Cayman’s Mosquito Research and Control Unit and U.K. biotech company Oxitec tackled questions Tuesday night from West Bay residents concerned about the planned release of millions of genetically modified mosquitoes in their neighborhood.
At the first public meeting about the mosquito release, held at Sir John A. Cumber Primary School hall, residents questioned the scientists on the safety of the project and the apparent lack of public consultation leading up to the release, which is to begin next month.
The MRCU is planning a multi-phase rollout of Oxitec’s mosquito control solution, which involves releasing what they described as “friendly” Aedes aegypti male mosquitoes to help fight the mosquito that transmits diseases such as dengue, chikungunya and Zika. The rollout will begin in West Bay.
About 20 people attended the meeting.
“I am very disappointed that we are coming to a meeting of a foregone conclusion, that the public was not consulted in any way, shape or form, or certainly given any feedback about how we feel being inundated with … genetically modified mosquitoes,” Dwene Ebanks said at the meeting.
He and others at the meeting asked Oxitec representatives why Cayman was chosen for such a project.
Oxitec product development manager Derric Nimmo said the MRCU is “world-renowned” for assessing new technologies for mosquito control and that it is “very interested” in new methods because the current technology for dealing with Aedes aegypti mosquitoes is not working.
“This is a public health menace. It is also a real challenge for people to control,” MRCU Director Bill Petrie said.
Mr. Petrie explained that over the years the MRCU has looked at several methods to suppress the Aedes aegypti mosquito population, and he believes Oxitec’s solution will effectively suppress the species in Cayman.
“The essence of this technique is the use of effectively sterile male mosquitoes, which are released in the environment [and] then mate with the wild female Aedes aegypti mosquitoes, which are already out there. The progeny of those female mosquitoes then do not complete development, they all die, so they do not reach maturity,” Mr. Petrie explained. “If you do this over time, we have shown that you can significantly reduce the population of Aedes aegypti in the wild.”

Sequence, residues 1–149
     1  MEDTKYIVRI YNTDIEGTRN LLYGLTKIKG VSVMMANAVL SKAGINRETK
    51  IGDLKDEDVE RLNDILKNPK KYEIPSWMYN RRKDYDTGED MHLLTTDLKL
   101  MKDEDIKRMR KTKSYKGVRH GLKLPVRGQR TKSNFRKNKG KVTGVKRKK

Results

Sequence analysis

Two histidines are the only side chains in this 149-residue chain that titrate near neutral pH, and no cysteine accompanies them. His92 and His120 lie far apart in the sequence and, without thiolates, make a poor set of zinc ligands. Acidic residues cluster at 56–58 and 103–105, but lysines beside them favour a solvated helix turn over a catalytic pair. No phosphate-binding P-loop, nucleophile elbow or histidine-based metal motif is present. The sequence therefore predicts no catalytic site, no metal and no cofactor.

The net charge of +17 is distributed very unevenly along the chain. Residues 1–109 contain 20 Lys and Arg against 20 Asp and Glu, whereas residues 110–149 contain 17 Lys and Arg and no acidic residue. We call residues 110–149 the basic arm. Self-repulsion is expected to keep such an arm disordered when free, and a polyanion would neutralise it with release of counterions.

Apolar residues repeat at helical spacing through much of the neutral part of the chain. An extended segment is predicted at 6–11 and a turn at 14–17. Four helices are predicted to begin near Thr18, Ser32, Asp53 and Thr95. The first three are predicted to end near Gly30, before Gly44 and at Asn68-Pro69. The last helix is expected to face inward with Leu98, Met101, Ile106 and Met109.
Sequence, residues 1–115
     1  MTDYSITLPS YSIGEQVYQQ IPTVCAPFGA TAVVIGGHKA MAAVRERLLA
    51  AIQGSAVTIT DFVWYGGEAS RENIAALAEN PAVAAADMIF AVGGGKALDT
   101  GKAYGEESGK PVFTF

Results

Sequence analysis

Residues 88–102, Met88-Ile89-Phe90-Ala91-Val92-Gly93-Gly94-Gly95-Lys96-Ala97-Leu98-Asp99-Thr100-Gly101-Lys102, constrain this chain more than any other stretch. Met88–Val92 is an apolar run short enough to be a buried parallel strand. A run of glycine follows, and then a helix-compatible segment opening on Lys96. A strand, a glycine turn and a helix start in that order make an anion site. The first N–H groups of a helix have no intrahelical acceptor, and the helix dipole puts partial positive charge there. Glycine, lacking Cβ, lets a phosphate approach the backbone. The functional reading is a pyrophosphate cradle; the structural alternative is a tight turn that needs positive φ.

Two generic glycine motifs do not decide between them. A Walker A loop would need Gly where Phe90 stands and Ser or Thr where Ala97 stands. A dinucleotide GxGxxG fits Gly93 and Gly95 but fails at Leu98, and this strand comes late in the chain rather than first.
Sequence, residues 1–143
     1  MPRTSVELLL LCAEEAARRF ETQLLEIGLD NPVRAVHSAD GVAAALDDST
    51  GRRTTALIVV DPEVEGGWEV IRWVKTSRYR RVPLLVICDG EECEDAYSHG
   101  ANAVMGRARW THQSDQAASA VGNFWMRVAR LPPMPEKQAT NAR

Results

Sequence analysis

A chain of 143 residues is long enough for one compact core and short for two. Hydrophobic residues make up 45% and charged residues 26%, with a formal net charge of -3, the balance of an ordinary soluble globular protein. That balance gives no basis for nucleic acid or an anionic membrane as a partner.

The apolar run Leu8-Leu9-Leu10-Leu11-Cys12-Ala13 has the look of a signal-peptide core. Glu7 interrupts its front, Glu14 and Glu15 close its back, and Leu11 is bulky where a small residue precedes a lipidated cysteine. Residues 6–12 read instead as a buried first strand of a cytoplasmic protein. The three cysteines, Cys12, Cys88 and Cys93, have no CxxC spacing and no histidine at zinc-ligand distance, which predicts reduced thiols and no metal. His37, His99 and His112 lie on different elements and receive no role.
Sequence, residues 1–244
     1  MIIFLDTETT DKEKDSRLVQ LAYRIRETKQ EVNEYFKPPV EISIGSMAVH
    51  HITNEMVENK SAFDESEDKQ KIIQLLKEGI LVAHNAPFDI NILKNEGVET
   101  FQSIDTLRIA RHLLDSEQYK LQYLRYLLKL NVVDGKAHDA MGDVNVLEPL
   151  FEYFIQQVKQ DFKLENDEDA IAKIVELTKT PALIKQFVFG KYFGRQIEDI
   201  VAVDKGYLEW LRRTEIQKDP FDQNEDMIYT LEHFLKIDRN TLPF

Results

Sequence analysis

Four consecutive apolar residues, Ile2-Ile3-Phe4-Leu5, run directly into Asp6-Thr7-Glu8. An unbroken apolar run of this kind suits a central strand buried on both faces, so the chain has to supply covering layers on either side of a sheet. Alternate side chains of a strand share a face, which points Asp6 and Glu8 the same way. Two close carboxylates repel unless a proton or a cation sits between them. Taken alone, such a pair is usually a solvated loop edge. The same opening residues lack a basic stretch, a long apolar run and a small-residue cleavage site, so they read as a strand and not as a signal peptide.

Mr. Nimmo said that because Aedes aegypti mosquitoes live in and around homes and can breed in very small amounts of water, the species is very difficult to control by conventional means. The species has also become resistant to many types of insecticides.
“This technology reaches where other tools cannot,” he said.
Mr. Ebanks also expressed concerns about the technology, and asked Mr. Nimmo whether residents should be concerned about ingesting the mosquitoes, and whether they would have to wear masks when walking outside.
Mr. Nimmo said residents should not be concerned about the possibility of accidentally ingesting a genetically modified mosquito, as it is no more harmful than accidentally ingesting a normal mosquito.
Those at the meeting also expressed concerns about the possibility of female mosquitoes being accidentally released along with the male mosquitoes.
“We do release a small percentage of females … [among] one out of every 10,000 males is a female, so there is a chance that you could get bitten by one of these females,” Mr. Nimmo said. “There is no difference getting bitten by a GM female mosquito than the wild mosquito.”
The U.S. Food and Drug Administration’s Center for Veterinary Medicine came to the same conclusion in its preliminary “Finding of no Significant Impact” in March.
“Based on the data and information presented, FDA concluded that the immunological response in humans and animals to OX513A female mosquito bites is not expected to be different from the immunological response to bites by wild type Ae. aegypti mosquitoes,” the agency said in the statement.
The FDA report was in response to a proposed plan to release Oxitec Aedes aegypti mosquitoes for an investigational trial in the Florida Keys.
Similar releases by Oxitec have been carried out in Panama, three locations in Brazil, and in Cayman’s East End in 2009.
Mr. Nimmo noted that while the GM female mosquito, like its wild counterpart, can carry diseases, “lab” females do not live as long as wild female mosquitoes.
Beginning in June, the genetically modified mosquitoes will be deployed initially to treat an area of about 300 acres, with 1,800 residents, in West Bay. Mosquitoes will be released three times a week, with between 100,000 to 200,000 mosquitoes per release. About 1,000 mosquitoes will be released every 50 to 100 meters along a road.
Mr. Nimmo said those numbers may “sound like a lot,” but after 30 seconds, those 1,000 mosquitoes quickly disappear from sight as they disperse to nearby yards and gardens.
Several mosquito traps will also be set so that weekly monitoring of the rollout can be done.
Mr. Nimmo added that the current mosquito control efforts by the MRCU will continue as normal while the GM mosquito release project is under way.